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Jul 11

Willow Garage

Willow Road is one of the roads that I take to get back home from the 101 highway that runs up the San Francisco peninsula. It twists its way through a large residential area in Menlo Park and is lined with houses and quiet side streets. But there, literally in the middle of suburbia, is a company called Willow Garage. I’ve passed it many times without knowing it was there.

The name is misleading. It is not a garage in the classical start-up sense of the word, à la Microsoft’s or Apple’s origins. It’s one large lab, and they do robots.

I attended a research study there as a participant. I can’t write about the study, but an intern there did give me a tour of the facilities. Willow designs and manufactures the hardware and software for a range of robots – from tiny ones resembling large Roombas, to large human sized ones.

I stepped into a lab which contained four or five PR2-model robots. The PR2 robot is essentially a 200 kilo box on wheels, on which is mounted two articulated arms, a computer, and a panoply of visual sensors (including a Kinect unit, to give it depth perception). The arms weigh around 50 kilos each and have been specially weighted so they don’t drop and pulverize whatever is beneath them if the robot loses power. One of Willow’s goals is to ensure that robots working in a human-rich environment don’t start maiming humans unintentionally (or intentionally… but they don’t have to worry about that just yet). Robotics are used extensively in manufacturing and factory environments, but when you start to use them in common everyday places, the approach has to be a bit different. Oh yeah, and I should mention that the price tag for each PR2 is a cool $400,000. I got to touch it.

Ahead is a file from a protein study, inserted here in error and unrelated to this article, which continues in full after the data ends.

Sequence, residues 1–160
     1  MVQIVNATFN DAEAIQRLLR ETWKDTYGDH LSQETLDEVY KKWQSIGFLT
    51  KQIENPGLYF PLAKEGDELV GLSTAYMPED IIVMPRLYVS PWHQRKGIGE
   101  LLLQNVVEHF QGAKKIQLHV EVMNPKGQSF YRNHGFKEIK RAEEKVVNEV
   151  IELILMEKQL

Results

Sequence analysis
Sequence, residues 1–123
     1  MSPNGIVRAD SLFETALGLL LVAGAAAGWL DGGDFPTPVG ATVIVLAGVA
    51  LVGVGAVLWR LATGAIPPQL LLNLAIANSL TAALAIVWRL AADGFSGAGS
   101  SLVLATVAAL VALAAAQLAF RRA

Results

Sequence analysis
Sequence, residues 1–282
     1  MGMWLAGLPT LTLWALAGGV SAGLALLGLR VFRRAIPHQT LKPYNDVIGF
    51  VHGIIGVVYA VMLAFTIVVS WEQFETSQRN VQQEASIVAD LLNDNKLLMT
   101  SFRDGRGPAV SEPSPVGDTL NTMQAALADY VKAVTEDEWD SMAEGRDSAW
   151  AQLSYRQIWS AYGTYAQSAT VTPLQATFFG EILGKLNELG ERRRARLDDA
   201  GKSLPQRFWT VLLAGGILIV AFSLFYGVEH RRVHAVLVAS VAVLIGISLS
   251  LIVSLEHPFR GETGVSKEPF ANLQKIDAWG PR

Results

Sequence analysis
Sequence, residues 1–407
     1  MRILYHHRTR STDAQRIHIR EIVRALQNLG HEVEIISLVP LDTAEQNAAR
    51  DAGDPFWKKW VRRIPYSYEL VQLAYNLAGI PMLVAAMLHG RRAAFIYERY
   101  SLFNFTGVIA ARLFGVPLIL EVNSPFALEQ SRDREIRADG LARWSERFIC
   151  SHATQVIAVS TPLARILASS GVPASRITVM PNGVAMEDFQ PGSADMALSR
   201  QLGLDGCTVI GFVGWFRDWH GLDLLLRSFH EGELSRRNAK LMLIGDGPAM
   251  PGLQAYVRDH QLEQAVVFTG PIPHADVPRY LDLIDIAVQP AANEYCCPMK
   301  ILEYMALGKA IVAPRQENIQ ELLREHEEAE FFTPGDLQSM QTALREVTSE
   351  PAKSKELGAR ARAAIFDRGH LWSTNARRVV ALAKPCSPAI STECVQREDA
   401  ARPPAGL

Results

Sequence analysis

Outside the lab was the largest flowchart I’ve ever seen in my life. Someone had printed out what seemed to be 100 sheets of paper and stuck them together on the wall of a long corridor. On each page was tens of tiny boxes with schematic diagrams in each one, all linked by a bewildering array of arrows. My guide told me that these were blueprints on how to put together a PR2.

Willow pumps out about 4-5 PR2s each month, and ships them off around the world, mostly to universities for robotics research. They also are building a Robot OS, which is in its infancy given that they still need to figure out what type of robots work best around humans. This summer, they have more than a dozen interns working for them, so a garage it is not.

Willow Garage was founded by Scott Hassan, a robotics enthusiast who made his millions after his start-up eGroups was bought by Yahoo! during the dot com boom, and then again after he joined Google. The company is almost 5 years old, but the impression I got was that this was a field still in its infancy. Based on what I saw, which looked like it was on the cutting edge, I doubt we’ll see robots become a part of household life for at least another decade or two. The costs are so high, the technology is still experimental, and there’s still a lot of work to be done on both the hardware and software sides.

Until then, we’ll have to make do with dinky little robots who bump into walls and furniture as they attempt to suck up the dirt and dust off our floors. But even so, there’s still progress to be made, as one Finnish person found out. In an infamous tweet, he wrote:

Perkele!!! Our dog had made a big poo on the floor during the day. Next, our iRobot did its 90-min daily sweep! Yes, it is Everywhere.

  9:47pm  •  Science & Technology  •   •  Tweet This  •  Add a comment

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